What’s terrifying about the show is that is talks about a dark, dystopian future and yet there are things in this future that don’t seem implausible or very far away. What do you want people to take away from this show?

When I first read the book I felt as someone living in 2019 and working in Mumbai there are so many things I take for granted. There are so many privileges I have as an independent working girl and it’s there for me – my Constitution, my country gives it to me. What if one day it’s all taken away from me and it could be for some absurd reason? Now that for me is scary. You read the papers and you see that there are women in some states in the US who don’t have control over their bodies or reproductive organs anymore. So its nice to have a cautionary tale because it makes us be grateful for what we have and respect it.

It was nice to see you in something that’s all about you. But you have said that such scripts are hard to find and you don’t want to do something you don’t believe in. So how do you actively change this situation till something you like comes to you?

I think the time has gone where you have to wait for things to happen. Of course as an actor you’re hired labour so I have to wait for people to give me employment but I think there are lot of things that actors should be thinking about like producing, developing or writing their own content. I feel that’s the way to go. Having said that, I see a lot of people feeling compelled to do something to remain relevant. People are even paying tabloids to print their pictures because they feel they need to be seen doing something – going to restaurants, coming out of a gym. I feel it’s great but that takes away from what you’re really here for. What are you really doing? Maybe I’m just being silly but this doesn’t work for me.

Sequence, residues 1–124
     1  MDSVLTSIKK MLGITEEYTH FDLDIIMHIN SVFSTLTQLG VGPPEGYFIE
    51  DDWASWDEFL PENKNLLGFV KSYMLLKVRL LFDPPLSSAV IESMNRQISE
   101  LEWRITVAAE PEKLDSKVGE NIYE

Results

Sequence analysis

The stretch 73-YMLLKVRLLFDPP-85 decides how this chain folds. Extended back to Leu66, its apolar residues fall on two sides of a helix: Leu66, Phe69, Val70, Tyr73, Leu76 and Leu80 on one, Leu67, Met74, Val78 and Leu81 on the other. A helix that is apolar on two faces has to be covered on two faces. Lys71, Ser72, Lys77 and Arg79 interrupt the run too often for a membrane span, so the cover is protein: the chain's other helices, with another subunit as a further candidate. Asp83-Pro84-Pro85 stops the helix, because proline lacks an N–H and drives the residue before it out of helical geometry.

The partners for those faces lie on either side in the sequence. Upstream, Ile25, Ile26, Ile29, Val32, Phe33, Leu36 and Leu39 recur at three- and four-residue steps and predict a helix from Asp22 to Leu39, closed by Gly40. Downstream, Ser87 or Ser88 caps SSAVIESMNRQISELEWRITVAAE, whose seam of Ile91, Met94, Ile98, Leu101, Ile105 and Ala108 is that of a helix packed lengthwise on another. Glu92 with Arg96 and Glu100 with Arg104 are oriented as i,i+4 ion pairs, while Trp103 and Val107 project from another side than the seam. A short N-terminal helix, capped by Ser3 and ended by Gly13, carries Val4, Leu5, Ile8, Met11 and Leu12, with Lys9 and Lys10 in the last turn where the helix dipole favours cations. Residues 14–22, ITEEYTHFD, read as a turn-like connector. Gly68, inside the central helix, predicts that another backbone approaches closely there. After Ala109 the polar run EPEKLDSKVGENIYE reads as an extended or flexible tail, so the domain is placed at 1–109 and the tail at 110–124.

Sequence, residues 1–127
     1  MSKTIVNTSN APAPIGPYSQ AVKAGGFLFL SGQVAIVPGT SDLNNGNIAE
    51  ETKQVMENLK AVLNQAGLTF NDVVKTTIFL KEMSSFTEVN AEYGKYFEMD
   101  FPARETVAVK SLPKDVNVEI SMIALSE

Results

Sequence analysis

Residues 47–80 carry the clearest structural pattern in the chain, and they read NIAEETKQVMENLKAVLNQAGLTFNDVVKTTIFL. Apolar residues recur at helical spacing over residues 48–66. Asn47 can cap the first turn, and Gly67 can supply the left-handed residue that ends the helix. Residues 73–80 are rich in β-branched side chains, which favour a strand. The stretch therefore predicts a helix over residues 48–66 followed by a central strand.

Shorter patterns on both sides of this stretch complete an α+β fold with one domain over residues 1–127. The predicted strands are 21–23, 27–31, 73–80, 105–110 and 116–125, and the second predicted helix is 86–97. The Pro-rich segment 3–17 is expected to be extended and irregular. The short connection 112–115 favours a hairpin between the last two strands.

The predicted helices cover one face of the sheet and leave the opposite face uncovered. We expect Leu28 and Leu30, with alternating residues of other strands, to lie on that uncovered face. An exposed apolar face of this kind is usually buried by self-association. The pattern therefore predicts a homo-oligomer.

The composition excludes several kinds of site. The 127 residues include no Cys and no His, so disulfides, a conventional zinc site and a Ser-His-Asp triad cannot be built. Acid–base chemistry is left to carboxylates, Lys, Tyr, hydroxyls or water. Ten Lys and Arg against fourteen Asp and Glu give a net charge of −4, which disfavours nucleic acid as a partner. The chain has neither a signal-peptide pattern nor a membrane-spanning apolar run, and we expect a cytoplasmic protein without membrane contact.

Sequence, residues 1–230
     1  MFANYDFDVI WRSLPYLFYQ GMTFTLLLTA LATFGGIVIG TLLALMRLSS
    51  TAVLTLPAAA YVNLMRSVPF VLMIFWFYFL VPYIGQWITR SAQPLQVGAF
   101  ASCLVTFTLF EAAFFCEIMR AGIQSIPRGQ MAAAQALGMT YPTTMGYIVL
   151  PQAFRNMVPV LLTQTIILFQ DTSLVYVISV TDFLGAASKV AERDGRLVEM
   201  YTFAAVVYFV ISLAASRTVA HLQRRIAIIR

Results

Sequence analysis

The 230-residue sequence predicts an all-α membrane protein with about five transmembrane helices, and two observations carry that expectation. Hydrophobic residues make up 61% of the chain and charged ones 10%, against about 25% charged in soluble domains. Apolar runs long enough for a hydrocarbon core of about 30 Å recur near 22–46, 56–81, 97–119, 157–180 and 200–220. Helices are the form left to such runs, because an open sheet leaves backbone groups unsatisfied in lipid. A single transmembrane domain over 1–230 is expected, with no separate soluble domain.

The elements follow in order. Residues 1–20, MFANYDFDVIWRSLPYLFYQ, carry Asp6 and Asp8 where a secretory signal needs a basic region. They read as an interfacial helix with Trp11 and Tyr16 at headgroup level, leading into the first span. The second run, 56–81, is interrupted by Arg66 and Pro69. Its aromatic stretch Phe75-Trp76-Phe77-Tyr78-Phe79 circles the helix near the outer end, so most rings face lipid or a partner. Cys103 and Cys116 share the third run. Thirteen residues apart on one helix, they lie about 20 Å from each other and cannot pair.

Do you see yourself creating parts for yourself?

100 per cent and I think all actors should. I’ve been a girl whose father is a restauranteur, mother a housewife, my siblings are in the family business and I had a dream that I wanted be an actor and I worked for it, I did theatre and I came here knowing nobody. The journey has had its high and low points and I’m grateful for what I have but I have put myself in the line of fire for these opportunities to come to me. If I was in Delhi I would be living a great life. But would I be living this life? Probably not…. I am a person who thinks reads and writes so I want to take that and do something with it.

"Mohini Chaudhuri : Mohini has been a print journalist in Mumbai for 10 years and has written on art and culture for publications like The Times of India, The Hindu BusinessLine, Forbes India and Open magazine. Watching movies and writing about them makes her happy. Fortunately for her, she gets paid to do both those things at Film Companion.."